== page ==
just because its a 12AX7 doesn't mean it has to go in the preamp. tubes are tubes. It is in the power section. the pre-amp is entirely digital. it acts as a low-voltage "mini-power-amp", which then is amplified by a solid state main power amp.
I like analogue Solid State amps that make no effort to be "tube-like", and I'm proud of it...

...A little too proud, to be honest.
#22
Quote by slatsmania
Styles and budget, please, suzukisally.

The AD50VT isn't a bad amp, but it's possible a small all tube combo, a Roland Cube 60, or a Peavey Bandit might be better for you. I had an AD30VT which I really liked at first, but then it went really stale on me.



well as far as style, i would say i am into alot of things. i like a good clean sound when i am fingerpicking and i also like to play some blues. but some days i come home and all i want to do is play some heavier rock and everyonce in a while some metal. i know im not going to get an amp that does all that, especialy with my price range. i have just been impressed with the vox. as far as my budget goes i am looking in the neighbor hood of $500, maybe more if the tone is right.
Im not a pro, but i did stay at a holiday inn express last night
#23
I'd definitely suggest you look into a small tube amp. Maybe a Crate V18 or something. Only 15W, but probably about as loud as the AD50VT when cranked, only with better tone at those volumes. If you're willing to buy used, you should easily be able to find a Peavey Classic 30 for under $400. Leaving you plenty of money for a nice OD/distortion to get you your heavier tones.

You'll love real tube tone for your finger picking, blues, and even hard rock. And you'll love pushing the amp with a pedal to get into metal territory, too.
You Don't Need a halfstack.

You Don't Need 100W.

Quote by jj1565
i love you slats.
#24
The tube is in between the preamp and the power amp. The power section is solid-state. The tube works as a pseudo power amp which is then run into the real power amp. The tube itself puts out about 1 watt.
#25
Well, apart from all the ranting bout where the tube is supposedly located, I can recommend a Vox ADxxVT series to anyone.
One of the best modeling amps I own, and much better than anything I've heard from Line6 in a long time (though their new tube thingie sounds very interesting).
I still use it as a practice amp, and I wouldn't change it for the world.
#26
Quote by Blompcube
just because its a 12AX7 doesn't mean it has to go in the preamp. tubes are tubes. It is in the power section. the pre-amp is entirely digital. it acts as a low-voltage "mini-power-amp", which then is amplified by a solid state main power amp.


+1

You'll find 12ax7's in the power sections of most push-pull amps (used differently than in these Vox's).
#27
Im using a 15 watt valvetronix right now. Its a great amp, and you can get some really nice tones out of it. It also has good cabinet emulation on the line out port if you want to record it DI or use headphones, which is very helpful.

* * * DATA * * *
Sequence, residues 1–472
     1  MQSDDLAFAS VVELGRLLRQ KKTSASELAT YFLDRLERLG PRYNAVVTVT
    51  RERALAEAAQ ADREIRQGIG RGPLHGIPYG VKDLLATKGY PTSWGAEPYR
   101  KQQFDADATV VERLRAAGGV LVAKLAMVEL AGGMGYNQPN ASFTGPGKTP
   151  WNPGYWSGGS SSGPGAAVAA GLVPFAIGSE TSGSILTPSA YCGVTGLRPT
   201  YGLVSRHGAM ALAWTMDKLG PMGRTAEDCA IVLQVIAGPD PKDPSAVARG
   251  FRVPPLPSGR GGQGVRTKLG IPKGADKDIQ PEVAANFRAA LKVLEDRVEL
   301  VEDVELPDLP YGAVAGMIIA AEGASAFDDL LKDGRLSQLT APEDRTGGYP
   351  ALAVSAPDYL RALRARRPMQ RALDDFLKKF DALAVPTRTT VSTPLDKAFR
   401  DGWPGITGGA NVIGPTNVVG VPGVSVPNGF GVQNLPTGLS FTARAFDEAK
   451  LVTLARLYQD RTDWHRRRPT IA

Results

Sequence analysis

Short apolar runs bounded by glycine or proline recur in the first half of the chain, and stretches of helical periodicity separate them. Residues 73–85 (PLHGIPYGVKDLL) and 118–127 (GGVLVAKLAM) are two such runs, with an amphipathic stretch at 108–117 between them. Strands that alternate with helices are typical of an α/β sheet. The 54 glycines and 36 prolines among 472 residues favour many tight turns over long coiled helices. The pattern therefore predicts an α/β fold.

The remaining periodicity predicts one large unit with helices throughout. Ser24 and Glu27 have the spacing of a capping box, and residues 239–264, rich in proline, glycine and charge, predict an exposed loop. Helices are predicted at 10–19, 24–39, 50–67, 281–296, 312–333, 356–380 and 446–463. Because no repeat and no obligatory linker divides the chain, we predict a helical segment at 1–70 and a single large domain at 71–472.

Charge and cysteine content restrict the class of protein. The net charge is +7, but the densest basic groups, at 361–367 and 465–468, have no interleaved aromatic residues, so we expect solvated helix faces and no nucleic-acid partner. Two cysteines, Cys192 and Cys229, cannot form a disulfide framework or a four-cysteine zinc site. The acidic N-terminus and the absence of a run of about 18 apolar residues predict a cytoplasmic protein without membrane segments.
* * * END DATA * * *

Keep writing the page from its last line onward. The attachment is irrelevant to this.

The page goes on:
One thing I would say though is that the low end is very muddy sounding, to the point where I often have to turn the bass all the way down.
My stuff:
Fender Tele 60's Reissue
Schecter Blackhawk
Vintage V300 acoustic
Yamaha RB170 Bass

Peavey Classic 30 amp

Boss SD-1, DOD Grunge, Guyatone PS-010 Compressor, Marshall SV-1, Vox V847, Zoom G2, Line6 Echo Park
#28
Quote by nezv6
Im using a 15 watt valvetronix right now. Its a great amp, and you can get some really nice tones out of it. It also has good cabinet emulation on the line out port if you want to record it DI or use headphones, which is very helpful.

One thing I would say though is that the low end is very muddy sounding, to the point where I often have to turn the bass all the way down.

something i agree with too. well the line out skips the poweramp section (i.e. the 12AX7 too - another reason why we should know that the 12AX7 is in the power section), so it sounds a bit less tubey and more digital. Also yes, i have the AD50VT and the bass response is really overkill on some amp models. its also kinda flubby at times...
I like analogue Solid State amps that make no effort to be "tube-like", and I'm proud of it...

...A little too proud, to be honest.
#29
Quote by Roc8995
The tube is in between the preamp and the power amp. The power section is solid-state. The tube works as a pseudo power amp which is then run into the real power amp. The tube itself puts out about 1 watt.


So is the tube there more to add vibrancy to the tone (kill the digital sound) alone which happens at all volume levels, or is it there to be driven hard for more natural distortion. (like the manal seems to imply every other page)? Also, to put things into context for a newbie, how significant is the 1 watt tube?

I have the 15 and have debated about swapping out while I can for the 30 to have the attenuator to crank at lower volumes.
Last edited by Eddie NYC at Apr 23, 2008,
#30
Quote by Eddie NYC
So is the tube there more to add vibrancy to the tone (kill the digital sound) alone which happens at all volume levels, or is it there to be driven hard for more natural distortion. (like the manal seems to imply every other page)?


I'm guessing both.
Quote by Lunchbox362
This thread if fail in almost every way imaniganable.
#31
You can't kill the digital sound very well with smaller tubes like that (with power tubes, yes.) The tube doesn't seem to do a whole lot, it sounds more or less like a digital amp with a little extra warmth. It probably does introduce some distortion, but it's not much I would think since there's no way to regulate it.
#32
Quote by Roc8995
It probably does introduce some distortion, but it's not much I would think since there's no way to regulate it.


Isn't that the whole raise the volume and/or lower the wattage on the attenuator thing that a lot of people seem to buy the 30 over the 15 for?